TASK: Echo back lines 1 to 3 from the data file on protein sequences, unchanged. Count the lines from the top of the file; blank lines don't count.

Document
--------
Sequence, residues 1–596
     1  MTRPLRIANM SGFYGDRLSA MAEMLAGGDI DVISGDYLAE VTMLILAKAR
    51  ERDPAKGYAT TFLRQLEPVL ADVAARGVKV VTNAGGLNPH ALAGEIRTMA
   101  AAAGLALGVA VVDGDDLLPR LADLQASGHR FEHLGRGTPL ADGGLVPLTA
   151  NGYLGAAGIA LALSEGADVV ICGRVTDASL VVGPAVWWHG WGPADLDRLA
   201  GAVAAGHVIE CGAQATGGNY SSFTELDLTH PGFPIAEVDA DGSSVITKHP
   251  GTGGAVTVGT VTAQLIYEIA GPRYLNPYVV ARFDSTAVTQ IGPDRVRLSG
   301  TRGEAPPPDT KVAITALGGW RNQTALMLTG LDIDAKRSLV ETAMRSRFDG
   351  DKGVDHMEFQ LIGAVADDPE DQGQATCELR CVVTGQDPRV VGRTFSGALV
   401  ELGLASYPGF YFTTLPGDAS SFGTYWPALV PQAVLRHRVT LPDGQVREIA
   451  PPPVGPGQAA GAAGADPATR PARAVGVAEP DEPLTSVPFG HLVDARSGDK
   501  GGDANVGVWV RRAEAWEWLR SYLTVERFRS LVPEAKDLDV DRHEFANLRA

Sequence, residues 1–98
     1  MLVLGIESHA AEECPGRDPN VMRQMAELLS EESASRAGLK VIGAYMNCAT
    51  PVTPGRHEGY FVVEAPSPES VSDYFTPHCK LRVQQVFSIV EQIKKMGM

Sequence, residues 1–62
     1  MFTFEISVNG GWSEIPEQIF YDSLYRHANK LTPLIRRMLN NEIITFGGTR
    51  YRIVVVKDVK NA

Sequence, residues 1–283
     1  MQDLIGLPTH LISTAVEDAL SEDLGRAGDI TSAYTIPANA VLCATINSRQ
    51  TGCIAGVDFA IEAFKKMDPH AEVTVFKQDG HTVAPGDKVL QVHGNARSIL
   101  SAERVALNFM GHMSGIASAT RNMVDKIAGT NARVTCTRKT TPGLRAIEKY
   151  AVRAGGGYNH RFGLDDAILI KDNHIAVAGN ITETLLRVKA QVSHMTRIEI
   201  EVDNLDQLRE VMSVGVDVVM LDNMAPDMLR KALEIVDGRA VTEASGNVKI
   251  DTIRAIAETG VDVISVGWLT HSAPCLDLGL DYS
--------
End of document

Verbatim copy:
Sequence, residues 1–596
     1  MTRPLRIANM SGFYGDRLSA MAEMLAGGDI DVISGDYLAE VTMLILAKAR
    51  ERDPAKGYAT TFLRQLEPVL ADVAARGVKV VTNAGGLNPH ALAGEIRTMA